MARKET MOVERS & SHAKERS
September has been a rollercoaster for stocks. Yet despite that, the S&P 500 has somehow only fallen half a percent through the 14th. After falling nearly 10% from August 16th to September 6th, the S&P put on its rally cap, climbing more than 5% in just four trading sessions. That was stopped in its tracks following the hotter than expected CPI print on Tuesday. The greater than expected increase in prices led to the worst day since June of 2020 for equities. When the dust had finally settled, the S&P 500 had fallen 4.2%. Still, the market was in the green over its previous 5 trading days. Stocks take the escalator up and the elevator down, and never has that been more apparent than over the last week or so. Elsewhere, yields continued to trudge higher. The 2-year Treasury surged 20 bps following Tuesday’s CPI print and got as high as 3.84% prior to Wednesday’s PPI print. Meanwhile, the 10-year has been testing its cycle high around 3.45% – a crucial technical level for the benchmark yield.
Perhaps most importantly for markets these days is the movement of the dollar. The direction of the dollar and the direction of equity indices have been moving in opposite directions throughout the year. Strength in the dollar has been a harbinger of weakness for equities. Each steep selloff this year in equities has coincided with a sharp surge in the dollar. It was evident in early-to-mid January, again in late April and early May, as well as early-to-mid June, and the selloff throughout much of August. Seemingly all recent periods of difficulty for equities have coincided with a stronger dollar. On the flipside, recent periods of a more stable dollar, or even a weaker dollar, have been met with equity relief rallies throughout the year. The dollar, which surged from mid-August to early September and coincided with the most recent market selloff, saw some relief as it fell over much of last week (which coincided with last week’s equity rally). The Dollar Index changed on a dime following the inflation read though. In fact, the Dollar Index’s 1.37% gain on Tuesday was its largest move since we were in the middle of the COVID meltdown in March of ’20. Moves of that magnitude are highly unusual for stable currencies.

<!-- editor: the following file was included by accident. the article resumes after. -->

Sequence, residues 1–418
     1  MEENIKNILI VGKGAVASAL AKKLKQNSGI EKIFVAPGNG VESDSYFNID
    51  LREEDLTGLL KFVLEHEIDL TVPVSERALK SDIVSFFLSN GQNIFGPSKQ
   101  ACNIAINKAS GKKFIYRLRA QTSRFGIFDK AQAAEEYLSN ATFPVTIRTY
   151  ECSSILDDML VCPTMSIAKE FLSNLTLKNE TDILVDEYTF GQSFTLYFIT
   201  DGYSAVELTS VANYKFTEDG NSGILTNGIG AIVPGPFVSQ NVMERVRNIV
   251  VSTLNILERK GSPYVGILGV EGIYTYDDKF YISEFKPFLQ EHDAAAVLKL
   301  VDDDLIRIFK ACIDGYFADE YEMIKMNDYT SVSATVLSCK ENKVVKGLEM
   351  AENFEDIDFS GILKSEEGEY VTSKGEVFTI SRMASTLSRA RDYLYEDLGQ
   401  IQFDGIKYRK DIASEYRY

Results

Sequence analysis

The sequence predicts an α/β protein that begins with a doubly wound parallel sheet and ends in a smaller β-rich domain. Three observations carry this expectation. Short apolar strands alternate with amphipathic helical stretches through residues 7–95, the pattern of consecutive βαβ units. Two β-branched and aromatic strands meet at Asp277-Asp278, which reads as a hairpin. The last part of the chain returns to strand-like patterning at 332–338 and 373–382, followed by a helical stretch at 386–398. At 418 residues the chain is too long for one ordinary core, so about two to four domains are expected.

Despite the dollar being a clear driver for markets throughout the year, the catalyst for the most recent selloff was undoubtedly the CPI print. The headline number of 8.3% came in above expectations of 8.1%. Further adding to the bad news, analysts thought prices would decline 10 basis points month-over-month, when in fact, prices actually grew 10 basis points. There is still hope that CPI has peaked – the decline in oil prices has created a downward force on prices that should help alleviate some of the pressure on the headline number. However, as we discussed in the previous edition of Notes, other measures of inflation are still accelerating. The Cleveland Federal Reserve produces a trimmed mean inflationary number, which excludes the large outliers creating an outsized upward or downward force on prices. This number has not yet peaked. Similarly, the Atlanta Fed’s sticky price index continues to accelerate and hit highs. Perhaps most importantly for most Americans, food prices are continuing to accelerate. Food, in the most recent CPI number, increased at a clip of 11.4%.